The Next Prime Minister’s In-Tray

Hands up all those of you who know already what you are doing Monday 5 September. Now, keep your keep...
The Next Prime Minister’s In-Tray

Hands up all those of you who know already what you are doing Monday 5 September. Now, keep your keep your hands up if you know which seismic event takes place then? Haven’t you guessed it yet? Still not sure? Well, fear ye not, we can reveal all, it’s National Cheese Pizza Day (NCPD) in the US. Hurrah and yes, you heard it here first. A truly momentous event, the effects of which will surely reverberate across the pond. Pre-Covid an average Brit was said to munch their way through 731 pizzas in a lifetime. Post covid, don’t go there.

Here across the pond in Britain, we also have our tantalising and mouth-watering NCPD Spicy Meaty Feast to chew over on the first Monday in September. It’s National Conservative Proclamation Day when it is looking increasingly likely that Liz Truss will be probably confirmed as our new Prime Minister (well that’s what the experts say).  Of course, we have heard a lot about experts during the past couple of years, nevertheless as it stands at the very beginning of August Liz appears the undisputed favourite to beat Rishi.  She appears unstoppable, notwithstanding a recent ConHome survey that a quarter of Conservative Party members want a third person on the ballot, a certain BoJo. The final outcome? Probably wise not to make any firm predictions.

Whilst there may well be hundreds of empty pizza boxes come 8pm on Monday 5 September, one box that won’t be empty is the new Prime Ministers in box. The menu will be absolutely enormous and none of the listed items will be cheap. Here’s a headline menu of what we might expect our new Prime Minister to grapple with:

Truncated menu:

  • How are people going to cope with a predicted £500 per month energy bill once the price cap is lifted in October?
  • What measures can be taken to alleviate the cost-of-living crisis? Inflation is likely to remain high throughout the rest of this year and next; how will further wage demands to keep pace be met or are we in for another ‘winter of discontent’?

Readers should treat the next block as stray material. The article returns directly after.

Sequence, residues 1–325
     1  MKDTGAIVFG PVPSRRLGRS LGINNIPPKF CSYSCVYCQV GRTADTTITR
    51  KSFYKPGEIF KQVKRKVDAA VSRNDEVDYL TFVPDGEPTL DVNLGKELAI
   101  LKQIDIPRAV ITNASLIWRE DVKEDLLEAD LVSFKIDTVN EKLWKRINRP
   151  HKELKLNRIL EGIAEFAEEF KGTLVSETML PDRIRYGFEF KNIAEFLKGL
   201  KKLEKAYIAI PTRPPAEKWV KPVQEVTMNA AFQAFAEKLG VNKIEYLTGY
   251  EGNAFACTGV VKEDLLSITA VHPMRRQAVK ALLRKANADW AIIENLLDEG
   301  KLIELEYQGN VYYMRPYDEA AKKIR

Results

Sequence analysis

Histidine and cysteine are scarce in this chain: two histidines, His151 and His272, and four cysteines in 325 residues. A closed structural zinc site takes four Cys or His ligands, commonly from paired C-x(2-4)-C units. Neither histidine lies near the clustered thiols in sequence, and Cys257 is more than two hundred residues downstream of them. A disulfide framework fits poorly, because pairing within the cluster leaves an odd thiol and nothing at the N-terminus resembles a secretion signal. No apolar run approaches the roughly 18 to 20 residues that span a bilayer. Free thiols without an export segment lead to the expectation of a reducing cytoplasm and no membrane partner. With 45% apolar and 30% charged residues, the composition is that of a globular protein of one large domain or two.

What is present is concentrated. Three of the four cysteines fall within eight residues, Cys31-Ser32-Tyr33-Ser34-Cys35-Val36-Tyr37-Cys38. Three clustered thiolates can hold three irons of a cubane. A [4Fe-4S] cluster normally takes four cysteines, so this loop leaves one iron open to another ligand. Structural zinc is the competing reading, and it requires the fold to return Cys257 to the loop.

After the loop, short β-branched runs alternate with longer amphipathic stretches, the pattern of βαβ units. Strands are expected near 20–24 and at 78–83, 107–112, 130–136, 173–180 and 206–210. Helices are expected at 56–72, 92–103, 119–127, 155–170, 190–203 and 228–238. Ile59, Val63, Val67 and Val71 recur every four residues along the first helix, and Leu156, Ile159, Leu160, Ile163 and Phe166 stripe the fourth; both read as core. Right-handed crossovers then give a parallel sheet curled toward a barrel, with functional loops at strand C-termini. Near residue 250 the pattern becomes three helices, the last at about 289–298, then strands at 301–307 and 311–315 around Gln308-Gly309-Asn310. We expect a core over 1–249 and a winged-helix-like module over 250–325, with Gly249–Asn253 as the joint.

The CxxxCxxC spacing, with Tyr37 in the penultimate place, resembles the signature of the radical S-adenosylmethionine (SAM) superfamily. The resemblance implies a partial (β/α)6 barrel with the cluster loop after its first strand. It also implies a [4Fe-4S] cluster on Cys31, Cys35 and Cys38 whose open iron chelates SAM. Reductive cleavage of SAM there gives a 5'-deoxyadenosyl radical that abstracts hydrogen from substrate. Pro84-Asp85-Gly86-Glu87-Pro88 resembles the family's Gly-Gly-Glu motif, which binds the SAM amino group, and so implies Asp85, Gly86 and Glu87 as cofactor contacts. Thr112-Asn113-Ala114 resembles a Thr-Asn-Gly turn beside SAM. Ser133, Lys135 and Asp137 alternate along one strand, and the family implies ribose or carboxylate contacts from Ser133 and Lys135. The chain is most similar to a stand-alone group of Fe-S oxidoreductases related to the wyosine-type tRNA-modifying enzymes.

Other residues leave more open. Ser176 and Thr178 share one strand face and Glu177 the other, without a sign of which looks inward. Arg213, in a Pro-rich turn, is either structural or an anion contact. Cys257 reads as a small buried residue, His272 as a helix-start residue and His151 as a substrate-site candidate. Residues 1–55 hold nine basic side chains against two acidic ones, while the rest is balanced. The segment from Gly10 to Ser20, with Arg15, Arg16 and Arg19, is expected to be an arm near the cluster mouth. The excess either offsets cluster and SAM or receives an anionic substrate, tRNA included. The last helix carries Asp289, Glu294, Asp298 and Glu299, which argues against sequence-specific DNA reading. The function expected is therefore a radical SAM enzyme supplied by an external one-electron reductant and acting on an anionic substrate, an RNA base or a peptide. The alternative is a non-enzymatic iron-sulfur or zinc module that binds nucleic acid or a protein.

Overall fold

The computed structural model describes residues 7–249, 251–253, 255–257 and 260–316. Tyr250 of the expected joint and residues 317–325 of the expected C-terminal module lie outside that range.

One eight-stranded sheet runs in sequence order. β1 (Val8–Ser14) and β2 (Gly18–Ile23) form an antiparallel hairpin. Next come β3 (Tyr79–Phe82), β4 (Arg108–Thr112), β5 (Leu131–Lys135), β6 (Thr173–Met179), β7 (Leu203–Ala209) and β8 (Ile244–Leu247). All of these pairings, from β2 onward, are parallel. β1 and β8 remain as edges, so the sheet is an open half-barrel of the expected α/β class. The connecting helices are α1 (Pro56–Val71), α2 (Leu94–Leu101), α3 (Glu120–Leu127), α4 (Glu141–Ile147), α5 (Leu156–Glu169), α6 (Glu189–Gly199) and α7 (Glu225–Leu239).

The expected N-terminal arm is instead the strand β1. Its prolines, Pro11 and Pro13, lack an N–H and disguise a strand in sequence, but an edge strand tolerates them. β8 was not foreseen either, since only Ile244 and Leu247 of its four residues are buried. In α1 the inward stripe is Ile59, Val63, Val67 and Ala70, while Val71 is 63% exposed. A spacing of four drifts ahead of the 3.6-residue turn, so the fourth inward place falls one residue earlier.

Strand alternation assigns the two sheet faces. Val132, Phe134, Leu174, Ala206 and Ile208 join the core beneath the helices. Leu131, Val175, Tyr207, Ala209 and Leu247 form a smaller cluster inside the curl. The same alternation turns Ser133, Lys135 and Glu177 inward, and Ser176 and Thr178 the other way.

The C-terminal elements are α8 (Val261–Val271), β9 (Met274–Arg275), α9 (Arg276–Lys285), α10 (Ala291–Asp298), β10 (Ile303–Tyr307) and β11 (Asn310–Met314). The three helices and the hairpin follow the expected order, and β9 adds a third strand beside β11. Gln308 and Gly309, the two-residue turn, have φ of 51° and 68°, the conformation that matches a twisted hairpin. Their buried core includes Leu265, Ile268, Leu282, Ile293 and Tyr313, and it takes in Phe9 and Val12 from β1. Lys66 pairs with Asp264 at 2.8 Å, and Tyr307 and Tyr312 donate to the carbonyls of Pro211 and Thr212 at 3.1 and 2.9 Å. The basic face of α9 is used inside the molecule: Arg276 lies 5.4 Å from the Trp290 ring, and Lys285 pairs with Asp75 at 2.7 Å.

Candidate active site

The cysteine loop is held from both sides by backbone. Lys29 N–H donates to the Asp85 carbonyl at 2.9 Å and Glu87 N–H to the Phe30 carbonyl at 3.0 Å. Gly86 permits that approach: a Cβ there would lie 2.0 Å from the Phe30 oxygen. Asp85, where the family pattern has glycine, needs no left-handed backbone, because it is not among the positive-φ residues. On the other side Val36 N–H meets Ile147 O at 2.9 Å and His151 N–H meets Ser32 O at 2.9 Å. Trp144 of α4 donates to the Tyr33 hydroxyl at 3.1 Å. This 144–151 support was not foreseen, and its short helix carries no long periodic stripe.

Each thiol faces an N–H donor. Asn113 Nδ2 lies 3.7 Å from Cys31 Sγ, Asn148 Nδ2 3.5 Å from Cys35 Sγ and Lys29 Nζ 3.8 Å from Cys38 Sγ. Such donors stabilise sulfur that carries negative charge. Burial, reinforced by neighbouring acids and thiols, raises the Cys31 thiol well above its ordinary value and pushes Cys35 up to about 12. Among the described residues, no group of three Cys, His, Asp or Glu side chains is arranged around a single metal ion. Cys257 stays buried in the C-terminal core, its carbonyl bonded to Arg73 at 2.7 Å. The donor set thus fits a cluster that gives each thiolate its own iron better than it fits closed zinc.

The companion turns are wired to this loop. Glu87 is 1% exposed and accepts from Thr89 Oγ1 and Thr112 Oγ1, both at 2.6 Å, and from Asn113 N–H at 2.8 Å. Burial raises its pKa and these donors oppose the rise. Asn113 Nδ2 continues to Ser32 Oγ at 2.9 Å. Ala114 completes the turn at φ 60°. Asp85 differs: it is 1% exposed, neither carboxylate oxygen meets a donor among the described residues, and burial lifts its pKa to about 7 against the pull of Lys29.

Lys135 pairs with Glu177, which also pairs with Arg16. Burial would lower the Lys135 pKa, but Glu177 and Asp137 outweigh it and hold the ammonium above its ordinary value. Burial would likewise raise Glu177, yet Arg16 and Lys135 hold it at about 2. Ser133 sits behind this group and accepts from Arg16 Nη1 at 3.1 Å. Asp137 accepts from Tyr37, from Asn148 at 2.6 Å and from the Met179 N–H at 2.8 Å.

• The UK economy may enter a recession in the third quarter of this year.
  • How do we tackle the housing supply crisis without causing outrage amongst existing houseowners about planning decisions?
  • The ongoing war in Ukraine and the issues around higher energy and food prices associated with it, not to mention the associated security and geopolitical issues.
  • Rewriting the Northern Ireland Protocol and the inevitable fallout from that both within Northern Ireland and in terms of our relationship with our EU colleagues.
  • The longer-term challenges of doing something about the UK’s woeful productivity performance and steering the economy to net zero.

The challenges appear somewhat daunting for whoever wins in September. Challenges though present huge new opportunities. The new Prime Minister can start with a clean sheet in appointing new Ministers. Will it really be a “Cabinet of all the talents” or yet again, one more full of cronies?

For those looking to influence government, space will exist for new policies and different priorities to be pursued. Companies and trade and pressure groups should get their case in early.

Maybe we should all heed the words of Martin Luther King Jr when he wrote “Our very survival depends on our ability to stay awake, to adjust to new ideas, to remain vigilant and to face the challenge of change.”

Enjoy the relative calm of August, the ice creams and the warm weather and maybe stay off the pizzas.  September will bring one certainty – change is a coming.

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